Was just skimming Anna Reid’s new book, Leningrad: The Epic Siege of World War II, 1941-1944 (Walker & Co. 2011), and on pp. 274-275 found this passage re: the partial evacuation of the city in early 1942:
“…Diarists describe queuing for hours for soup, being unable to find anywhere to sleep, and fighting for places on the trains onwards through unoccupied Russia. Nor, when food was available, were measures initially taken to prevent the starving from killing themselves by overeating. A doctor ordered to set up a medical station at Zhikharevo discovered that evacuees were immediately eating all the dry rations - smoked sausage and bread - given them for the three-day journey onward to Tikhvin, and bursting their stomachs… Having described the results of his autopsies he persuaded [Soviet officials] that evacuees should instead be fed in small quantities en route, with millet and semolina cooked in the train boilers.”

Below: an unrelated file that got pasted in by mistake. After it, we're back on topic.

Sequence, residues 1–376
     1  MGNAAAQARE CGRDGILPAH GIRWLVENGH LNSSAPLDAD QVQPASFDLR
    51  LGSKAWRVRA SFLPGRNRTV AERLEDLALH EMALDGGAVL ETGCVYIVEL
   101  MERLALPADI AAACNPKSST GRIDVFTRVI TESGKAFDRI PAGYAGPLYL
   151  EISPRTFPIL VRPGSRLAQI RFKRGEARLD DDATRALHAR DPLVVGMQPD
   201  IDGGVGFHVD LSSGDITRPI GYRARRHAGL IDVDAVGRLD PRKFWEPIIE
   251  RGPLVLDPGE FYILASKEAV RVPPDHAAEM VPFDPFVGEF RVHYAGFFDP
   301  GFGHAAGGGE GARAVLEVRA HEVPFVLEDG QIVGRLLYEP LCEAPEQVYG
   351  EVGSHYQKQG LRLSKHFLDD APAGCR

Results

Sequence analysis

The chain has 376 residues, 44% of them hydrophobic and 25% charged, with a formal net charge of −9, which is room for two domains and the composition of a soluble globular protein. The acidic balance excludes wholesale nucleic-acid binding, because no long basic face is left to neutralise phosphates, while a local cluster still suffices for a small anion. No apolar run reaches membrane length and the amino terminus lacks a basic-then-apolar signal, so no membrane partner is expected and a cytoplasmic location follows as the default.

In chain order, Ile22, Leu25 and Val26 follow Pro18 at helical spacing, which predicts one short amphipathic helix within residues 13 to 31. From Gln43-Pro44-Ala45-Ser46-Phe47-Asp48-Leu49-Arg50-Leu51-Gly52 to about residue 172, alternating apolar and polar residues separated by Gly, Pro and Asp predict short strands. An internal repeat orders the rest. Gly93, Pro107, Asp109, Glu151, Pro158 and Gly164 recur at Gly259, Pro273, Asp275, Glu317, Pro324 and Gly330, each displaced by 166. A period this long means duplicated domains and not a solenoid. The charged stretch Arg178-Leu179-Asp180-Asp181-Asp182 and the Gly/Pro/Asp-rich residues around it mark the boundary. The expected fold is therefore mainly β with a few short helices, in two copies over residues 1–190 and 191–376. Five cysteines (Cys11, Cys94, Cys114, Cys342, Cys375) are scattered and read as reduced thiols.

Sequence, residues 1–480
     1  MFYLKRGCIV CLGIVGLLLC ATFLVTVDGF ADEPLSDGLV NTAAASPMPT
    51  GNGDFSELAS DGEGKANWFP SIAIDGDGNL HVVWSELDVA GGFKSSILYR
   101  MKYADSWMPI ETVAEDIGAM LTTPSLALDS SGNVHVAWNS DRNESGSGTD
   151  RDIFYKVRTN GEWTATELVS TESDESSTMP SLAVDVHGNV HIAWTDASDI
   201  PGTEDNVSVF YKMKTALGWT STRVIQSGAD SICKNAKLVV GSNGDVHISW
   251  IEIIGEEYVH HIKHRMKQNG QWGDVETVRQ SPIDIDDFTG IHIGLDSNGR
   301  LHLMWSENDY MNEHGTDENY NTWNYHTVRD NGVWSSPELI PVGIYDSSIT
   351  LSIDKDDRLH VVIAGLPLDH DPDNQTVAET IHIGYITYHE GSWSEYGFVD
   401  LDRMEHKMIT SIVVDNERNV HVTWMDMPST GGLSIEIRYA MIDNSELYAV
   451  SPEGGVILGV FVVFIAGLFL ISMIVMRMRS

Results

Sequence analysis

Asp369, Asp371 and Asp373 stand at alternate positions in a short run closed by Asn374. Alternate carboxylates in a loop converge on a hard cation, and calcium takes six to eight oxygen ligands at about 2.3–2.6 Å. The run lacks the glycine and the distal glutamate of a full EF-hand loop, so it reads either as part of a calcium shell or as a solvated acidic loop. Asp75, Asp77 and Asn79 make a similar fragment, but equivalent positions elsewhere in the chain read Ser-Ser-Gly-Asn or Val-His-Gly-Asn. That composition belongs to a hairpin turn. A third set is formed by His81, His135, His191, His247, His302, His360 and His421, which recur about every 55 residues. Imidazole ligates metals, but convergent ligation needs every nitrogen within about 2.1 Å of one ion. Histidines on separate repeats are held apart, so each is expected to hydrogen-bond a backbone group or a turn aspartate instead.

The story comes originally from Ales Adamovich and Daniil Granin, A Book of the Blockade (Hilda Perham, Moscow 1983), pp. 435-438.